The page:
The idea with the use of graphic icons as controls in web pages and applications is the they are a compact, fast way to represent an action. And that they do, very effectively, subject to one condition: the icon’s image should represent the action in question (Duh!)
So, an icon that causes the page to print should have a small picture of a printer. It should not have a picture of a hippopotamus. Right?
Well – consider the web site of the Israel Discount Bank. A customer can log in and see their account, which is useful indeed. And there are icons like these:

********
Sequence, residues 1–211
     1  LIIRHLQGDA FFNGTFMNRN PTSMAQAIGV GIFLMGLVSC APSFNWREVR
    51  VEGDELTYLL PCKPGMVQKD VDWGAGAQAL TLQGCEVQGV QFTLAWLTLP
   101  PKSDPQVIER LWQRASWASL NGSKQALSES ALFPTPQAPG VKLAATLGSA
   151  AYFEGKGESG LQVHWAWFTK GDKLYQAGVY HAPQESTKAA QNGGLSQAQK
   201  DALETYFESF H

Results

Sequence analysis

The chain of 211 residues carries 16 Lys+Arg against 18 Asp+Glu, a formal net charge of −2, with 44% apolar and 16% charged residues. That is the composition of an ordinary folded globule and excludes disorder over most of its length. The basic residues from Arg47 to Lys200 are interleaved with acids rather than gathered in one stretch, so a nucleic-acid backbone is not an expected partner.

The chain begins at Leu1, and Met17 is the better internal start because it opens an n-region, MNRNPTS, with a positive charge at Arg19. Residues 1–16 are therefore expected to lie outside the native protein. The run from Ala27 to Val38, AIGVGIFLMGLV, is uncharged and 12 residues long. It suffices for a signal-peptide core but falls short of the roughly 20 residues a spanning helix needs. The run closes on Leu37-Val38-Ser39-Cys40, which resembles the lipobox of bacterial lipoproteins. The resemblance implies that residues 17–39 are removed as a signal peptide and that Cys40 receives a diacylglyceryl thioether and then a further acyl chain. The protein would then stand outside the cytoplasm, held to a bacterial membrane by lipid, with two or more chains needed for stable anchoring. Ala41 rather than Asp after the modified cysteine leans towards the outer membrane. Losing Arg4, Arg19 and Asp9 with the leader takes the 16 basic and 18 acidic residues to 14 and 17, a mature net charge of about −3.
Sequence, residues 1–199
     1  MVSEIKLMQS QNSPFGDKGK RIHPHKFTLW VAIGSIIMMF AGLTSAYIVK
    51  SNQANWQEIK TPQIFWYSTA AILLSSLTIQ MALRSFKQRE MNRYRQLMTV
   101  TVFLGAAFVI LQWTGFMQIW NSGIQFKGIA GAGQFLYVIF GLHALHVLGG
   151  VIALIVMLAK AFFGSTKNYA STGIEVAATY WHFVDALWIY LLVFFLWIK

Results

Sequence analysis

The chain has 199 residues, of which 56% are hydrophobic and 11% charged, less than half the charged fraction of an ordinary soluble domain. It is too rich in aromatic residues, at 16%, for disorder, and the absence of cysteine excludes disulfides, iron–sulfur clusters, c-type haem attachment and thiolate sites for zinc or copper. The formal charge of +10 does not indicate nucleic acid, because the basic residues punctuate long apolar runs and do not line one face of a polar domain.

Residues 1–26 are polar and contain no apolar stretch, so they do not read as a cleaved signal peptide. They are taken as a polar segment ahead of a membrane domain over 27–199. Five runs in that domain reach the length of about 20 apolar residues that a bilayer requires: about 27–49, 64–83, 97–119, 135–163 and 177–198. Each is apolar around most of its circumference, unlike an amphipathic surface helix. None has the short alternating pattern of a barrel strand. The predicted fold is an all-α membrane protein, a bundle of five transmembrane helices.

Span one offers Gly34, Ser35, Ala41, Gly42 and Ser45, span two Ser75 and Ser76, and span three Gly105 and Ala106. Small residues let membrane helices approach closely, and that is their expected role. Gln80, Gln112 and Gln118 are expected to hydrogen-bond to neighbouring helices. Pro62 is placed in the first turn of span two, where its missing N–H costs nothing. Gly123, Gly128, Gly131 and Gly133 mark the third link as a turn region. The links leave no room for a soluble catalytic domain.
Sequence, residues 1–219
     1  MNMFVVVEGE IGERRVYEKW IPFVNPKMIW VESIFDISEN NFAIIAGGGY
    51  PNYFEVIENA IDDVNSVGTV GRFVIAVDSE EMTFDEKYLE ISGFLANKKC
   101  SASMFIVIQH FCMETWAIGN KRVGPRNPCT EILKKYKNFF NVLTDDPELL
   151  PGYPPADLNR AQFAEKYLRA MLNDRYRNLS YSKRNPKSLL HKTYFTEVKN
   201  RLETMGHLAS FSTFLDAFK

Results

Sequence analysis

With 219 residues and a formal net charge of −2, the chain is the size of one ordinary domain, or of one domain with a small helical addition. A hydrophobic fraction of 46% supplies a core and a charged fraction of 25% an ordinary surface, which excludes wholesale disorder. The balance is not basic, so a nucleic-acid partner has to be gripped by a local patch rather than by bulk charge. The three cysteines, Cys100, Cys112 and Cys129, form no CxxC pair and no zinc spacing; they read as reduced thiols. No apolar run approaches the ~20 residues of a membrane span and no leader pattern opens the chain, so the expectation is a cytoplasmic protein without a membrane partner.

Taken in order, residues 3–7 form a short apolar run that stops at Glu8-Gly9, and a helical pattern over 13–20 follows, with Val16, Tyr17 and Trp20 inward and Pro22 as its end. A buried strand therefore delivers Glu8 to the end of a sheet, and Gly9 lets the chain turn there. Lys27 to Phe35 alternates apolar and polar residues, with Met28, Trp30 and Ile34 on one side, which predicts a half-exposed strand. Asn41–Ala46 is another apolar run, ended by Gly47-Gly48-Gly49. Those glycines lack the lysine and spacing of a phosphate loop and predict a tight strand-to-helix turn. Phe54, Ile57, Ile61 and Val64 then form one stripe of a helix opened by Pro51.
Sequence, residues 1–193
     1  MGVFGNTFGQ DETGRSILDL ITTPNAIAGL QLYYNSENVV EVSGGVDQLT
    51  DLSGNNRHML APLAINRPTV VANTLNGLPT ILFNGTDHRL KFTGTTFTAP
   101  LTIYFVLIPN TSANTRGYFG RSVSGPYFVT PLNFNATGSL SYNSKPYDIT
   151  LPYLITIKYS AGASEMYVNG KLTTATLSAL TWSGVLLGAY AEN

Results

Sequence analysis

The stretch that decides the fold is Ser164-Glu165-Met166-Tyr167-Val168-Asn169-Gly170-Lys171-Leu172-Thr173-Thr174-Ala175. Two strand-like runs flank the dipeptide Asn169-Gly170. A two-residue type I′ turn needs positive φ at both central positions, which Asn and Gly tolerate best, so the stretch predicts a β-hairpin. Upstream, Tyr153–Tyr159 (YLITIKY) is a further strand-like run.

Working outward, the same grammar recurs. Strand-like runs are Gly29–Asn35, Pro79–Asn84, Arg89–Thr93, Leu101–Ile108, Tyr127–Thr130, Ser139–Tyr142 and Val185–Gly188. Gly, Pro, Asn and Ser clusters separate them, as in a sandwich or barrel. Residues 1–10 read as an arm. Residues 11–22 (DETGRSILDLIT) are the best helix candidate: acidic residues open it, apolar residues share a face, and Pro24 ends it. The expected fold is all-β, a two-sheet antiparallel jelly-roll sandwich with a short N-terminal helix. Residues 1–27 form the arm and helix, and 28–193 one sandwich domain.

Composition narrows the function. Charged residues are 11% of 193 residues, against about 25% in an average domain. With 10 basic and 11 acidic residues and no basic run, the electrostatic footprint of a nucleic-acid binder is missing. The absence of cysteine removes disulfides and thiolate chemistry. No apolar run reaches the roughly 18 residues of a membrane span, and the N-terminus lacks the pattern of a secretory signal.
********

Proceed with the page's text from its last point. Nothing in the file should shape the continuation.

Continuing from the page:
Surely you can tell what each of these is supposed to do.
But then, there are also these icons, right above the account activity table:
Care to guess what they mean?
Actually, the middle one means “Select columns”. Not that there’s any likelihood you’d figure that on your first encounter, but at least in later visits you will be reminded of this meaning. So what does the icon on the right mean? From comparing it to the one next to it, it would seem to be “Delete column selection”? But no – it means “Cancel filtering of data”. Totally unrelated to the image.
And the leftmost icon is a beaut: it means “Show all accounts”. A hippopotamus would depict that sentiment just as effectively.
Can’t these people think?